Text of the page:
Barry Garelick’s article yesterday in Education News tackled the issue of teaching kids the “habits of the mind” that make up algebraic thinking before that student has learned algebra. He said what happens instead is that particular thinking skills are taught without content to support it.
In essence you get math problems without math.
That sounds productive doesn’t it?
Garelick points out what purveyors of this approach are simply engaged in wishful thinking:
Giving students problems to solve for which they have little or no prior knowledge or mastery of algebraic skills is not likely to develop the habit of mind of algebraic thinking. But the purveyors of this practice believe that continually exposing children to unfamiliar and confusing problems will result in a problem-solving “schema” and that students are being trained to adapt in this way. In my opinion, it is the wrong assumption. A more accurate assumption is that after the necessary math is learned, one is equipped with the prerequisites to solve problems that may be unfamiliar but which rely on what has been learned and mastered. It would indeed be amazing if we could teach students algebraic thinking skills devoid of the content that allows such thinking to occur. I tend to believe, however, that a proper study of this will show what many have known since the time of Euclid: there is no such royal road.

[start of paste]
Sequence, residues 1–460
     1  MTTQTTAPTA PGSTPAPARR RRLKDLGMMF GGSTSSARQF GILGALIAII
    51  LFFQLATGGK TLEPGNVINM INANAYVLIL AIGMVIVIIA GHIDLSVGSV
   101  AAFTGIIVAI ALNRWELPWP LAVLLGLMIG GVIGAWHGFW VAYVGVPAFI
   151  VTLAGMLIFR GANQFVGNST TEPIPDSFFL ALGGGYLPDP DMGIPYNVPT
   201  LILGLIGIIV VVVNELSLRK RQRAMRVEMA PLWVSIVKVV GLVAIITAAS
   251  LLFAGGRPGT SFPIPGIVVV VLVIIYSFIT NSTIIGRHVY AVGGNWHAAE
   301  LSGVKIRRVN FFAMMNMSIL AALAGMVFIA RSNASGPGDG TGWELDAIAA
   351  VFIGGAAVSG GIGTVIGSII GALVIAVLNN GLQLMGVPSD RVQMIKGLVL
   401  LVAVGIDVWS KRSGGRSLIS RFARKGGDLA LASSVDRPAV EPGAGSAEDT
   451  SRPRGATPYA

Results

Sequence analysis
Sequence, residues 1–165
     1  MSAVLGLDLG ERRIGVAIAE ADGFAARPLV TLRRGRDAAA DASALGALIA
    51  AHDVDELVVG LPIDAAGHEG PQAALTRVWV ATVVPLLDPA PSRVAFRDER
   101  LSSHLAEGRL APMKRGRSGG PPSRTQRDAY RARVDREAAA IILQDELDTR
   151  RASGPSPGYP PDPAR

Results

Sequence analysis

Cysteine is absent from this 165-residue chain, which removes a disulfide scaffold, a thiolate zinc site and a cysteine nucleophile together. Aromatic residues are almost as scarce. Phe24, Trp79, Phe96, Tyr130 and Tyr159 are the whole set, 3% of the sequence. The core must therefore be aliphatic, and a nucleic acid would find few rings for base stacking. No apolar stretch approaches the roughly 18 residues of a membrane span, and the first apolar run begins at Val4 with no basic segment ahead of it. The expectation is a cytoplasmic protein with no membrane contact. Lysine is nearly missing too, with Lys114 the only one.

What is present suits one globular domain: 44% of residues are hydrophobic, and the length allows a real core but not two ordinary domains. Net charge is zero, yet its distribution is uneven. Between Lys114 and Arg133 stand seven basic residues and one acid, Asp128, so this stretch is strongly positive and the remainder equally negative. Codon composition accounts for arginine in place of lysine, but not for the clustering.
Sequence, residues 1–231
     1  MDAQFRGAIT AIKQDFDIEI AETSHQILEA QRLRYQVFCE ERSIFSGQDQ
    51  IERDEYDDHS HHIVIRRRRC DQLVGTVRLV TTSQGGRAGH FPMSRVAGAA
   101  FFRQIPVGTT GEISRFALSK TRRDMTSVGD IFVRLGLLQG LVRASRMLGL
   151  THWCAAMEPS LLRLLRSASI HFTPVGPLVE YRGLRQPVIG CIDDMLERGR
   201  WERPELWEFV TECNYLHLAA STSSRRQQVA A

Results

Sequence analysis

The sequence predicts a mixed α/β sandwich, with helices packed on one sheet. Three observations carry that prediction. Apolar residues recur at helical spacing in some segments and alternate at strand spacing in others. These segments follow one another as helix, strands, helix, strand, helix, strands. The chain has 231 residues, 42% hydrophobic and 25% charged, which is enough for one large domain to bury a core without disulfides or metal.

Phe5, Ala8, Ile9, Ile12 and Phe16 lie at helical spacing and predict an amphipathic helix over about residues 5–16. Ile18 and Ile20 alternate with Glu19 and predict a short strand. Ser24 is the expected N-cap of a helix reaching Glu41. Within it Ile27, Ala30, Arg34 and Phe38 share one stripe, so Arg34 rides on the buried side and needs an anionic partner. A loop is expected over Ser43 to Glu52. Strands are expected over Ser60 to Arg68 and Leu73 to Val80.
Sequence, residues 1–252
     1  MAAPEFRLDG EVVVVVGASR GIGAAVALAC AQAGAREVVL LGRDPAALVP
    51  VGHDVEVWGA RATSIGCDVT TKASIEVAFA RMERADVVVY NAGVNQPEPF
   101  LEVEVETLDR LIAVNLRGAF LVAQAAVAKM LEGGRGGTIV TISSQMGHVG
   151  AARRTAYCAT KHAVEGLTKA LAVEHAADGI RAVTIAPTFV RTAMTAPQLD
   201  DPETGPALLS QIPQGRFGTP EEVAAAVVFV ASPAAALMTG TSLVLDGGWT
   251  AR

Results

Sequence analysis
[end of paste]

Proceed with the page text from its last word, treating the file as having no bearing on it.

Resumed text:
We simply can’t put the cart before the horse so to speak. If we do we’ll continually have frustrated students on our hands.